Often under-rated, but never under-valued by her team mates, McNeill is someone who knows what is expected at this level and delivers on a consistent basis. The Connecticut native has experience of playing in Sweden, Russia, and the now defunct WPS. A defender who reads the game well, she works well at organizing the backline and can be a foil for some of the league’s best strikers.
What can the Thorns expect?
Similar to a lot of teams in the league, Boston set up in a 4-3-3 system with their focus on transitioning defense into attack quite quickly. Yet, their tactics can often be summed up in: get the ball to Leroux as often as possible. While that has proved to be effective in a lot of games with the star attacker netting a team-high eight goals, it can also become very predictable for opposing teams to defend against.
However, when they click as a cohesive unit, Boston can be a very difficult team to handle. With their outside backs regularly getting forward, they use the width of the pitch well and try to get the ball into the opposition’s penalty area. In midfield, O’Reilly is a driving force with her running, passing and shots from distance, which is a strength that the team uses to their advantage.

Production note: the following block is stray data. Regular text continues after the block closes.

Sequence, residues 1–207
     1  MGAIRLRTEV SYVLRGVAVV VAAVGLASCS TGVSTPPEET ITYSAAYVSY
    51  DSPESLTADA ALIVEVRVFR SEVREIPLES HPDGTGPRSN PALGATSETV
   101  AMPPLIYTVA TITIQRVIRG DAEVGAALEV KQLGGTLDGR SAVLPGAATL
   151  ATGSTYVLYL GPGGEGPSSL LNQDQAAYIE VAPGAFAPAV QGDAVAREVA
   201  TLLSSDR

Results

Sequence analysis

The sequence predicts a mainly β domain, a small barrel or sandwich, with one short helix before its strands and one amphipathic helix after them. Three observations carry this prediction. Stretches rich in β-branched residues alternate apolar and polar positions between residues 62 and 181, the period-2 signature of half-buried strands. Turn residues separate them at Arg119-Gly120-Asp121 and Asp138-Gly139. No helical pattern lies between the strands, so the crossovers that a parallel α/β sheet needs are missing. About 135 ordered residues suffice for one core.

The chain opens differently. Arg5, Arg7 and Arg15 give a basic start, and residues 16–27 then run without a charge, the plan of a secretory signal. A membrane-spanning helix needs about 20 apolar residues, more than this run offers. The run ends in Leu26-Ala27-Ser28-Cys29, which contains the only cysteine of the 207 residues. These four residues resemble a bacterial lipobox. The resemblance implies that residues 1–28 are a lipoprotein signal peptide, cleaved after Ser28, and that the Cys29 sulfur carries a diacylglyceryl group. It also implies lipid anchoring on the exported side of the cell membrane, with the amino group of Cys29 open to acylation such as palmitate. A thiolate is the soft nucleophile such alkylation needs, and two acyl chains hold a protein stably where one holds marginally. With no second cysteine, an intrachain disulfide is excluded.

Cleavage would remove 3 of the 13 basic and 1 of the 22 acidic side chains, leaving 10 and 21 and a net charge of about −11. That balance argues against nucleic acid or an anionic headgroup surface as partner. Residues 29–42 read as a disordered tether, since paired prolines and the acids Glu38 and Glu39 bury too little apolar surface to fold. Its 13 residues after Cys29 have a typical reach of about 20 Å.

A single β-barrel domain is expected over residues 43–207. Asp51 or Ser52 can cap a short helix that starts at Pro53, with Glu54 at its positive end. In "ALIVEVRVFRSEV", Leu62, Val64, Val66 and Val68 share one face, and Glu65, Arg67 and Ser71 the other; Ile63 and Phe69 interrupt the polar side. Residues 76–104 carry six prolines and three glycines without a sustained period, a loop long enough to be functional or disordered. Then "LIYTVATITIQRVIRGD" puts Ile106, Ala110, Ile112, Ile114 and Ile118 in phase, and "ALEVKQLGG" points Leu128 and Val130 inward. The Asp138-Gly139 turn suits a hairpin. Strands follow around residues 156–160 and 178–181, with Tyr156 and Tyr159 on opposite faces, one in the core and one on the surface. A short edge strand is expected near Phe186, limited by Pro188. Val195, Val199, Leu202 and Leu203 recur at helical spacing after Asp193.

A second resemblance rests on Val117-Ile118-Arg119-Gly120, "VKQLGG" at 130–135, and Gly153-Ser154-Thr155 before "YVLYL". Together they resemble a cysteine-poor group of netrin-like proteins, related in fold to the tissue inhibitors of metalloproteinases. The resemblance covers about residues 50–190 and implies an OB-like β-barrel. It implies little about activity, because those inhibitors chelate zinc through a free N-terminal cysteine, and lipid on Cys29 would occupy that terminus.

Who are their main threats?
The obvious danger is Leroux, who can spark a game to life and leave defenders on their backside once she hits top speed. But the key to restricting her influence is not to mark her tightly, but to shut off the service to the quicksilver fast forward. If she is starved off service up front, then Leroux will drop deeper and further away from the opposition’s goal thus taking her goalscoring threat away.
Boston can also turn to players like Lianne Sanderson to lead the line and Mariah Nogueira to provide creativity in midfield, while Kathryn Schoepfer is a real livewire with the ball at her feet. In open play, this is a team that can cause the Thorns a lot of problems as they look to stay on the front-foot and push the opposition back inside their own half of the pitch.
Where are they most vulnerable?
With only one clean sheet registered this term, it is clear that Boston has challenges in defense. Even though the likes of McNeill and Cat Whitehill are solid defenders, they can only do so much if the backline does not work together. Changes have been made in recent games with former Thorns player Jazmyne Avant coming in, but there is still a lot of work to do before they tighten up completely.
As always with a team that plays a 4-3-3 system, there is a huge onus on the midfielders to be two-way players – meaning that they can work just as well defensively as they do in attack. In that regard, there is reason to be concerned as O’Reilly, who has three goals and four assists, works best going forward and they are missing someone who can break up opposition counter-attacks.
Did You Know?
Boston defender Jazmyne Avant played 212 minutes for the Thorns over four games this season before the 23-year-old made the switch to Boston.
Gareth Maher is a contributing writer to PortlandThornsFC.com. He is a frequent writer about soccer for the Irish Daily Mail in Dublin as well as ESPNFC.com.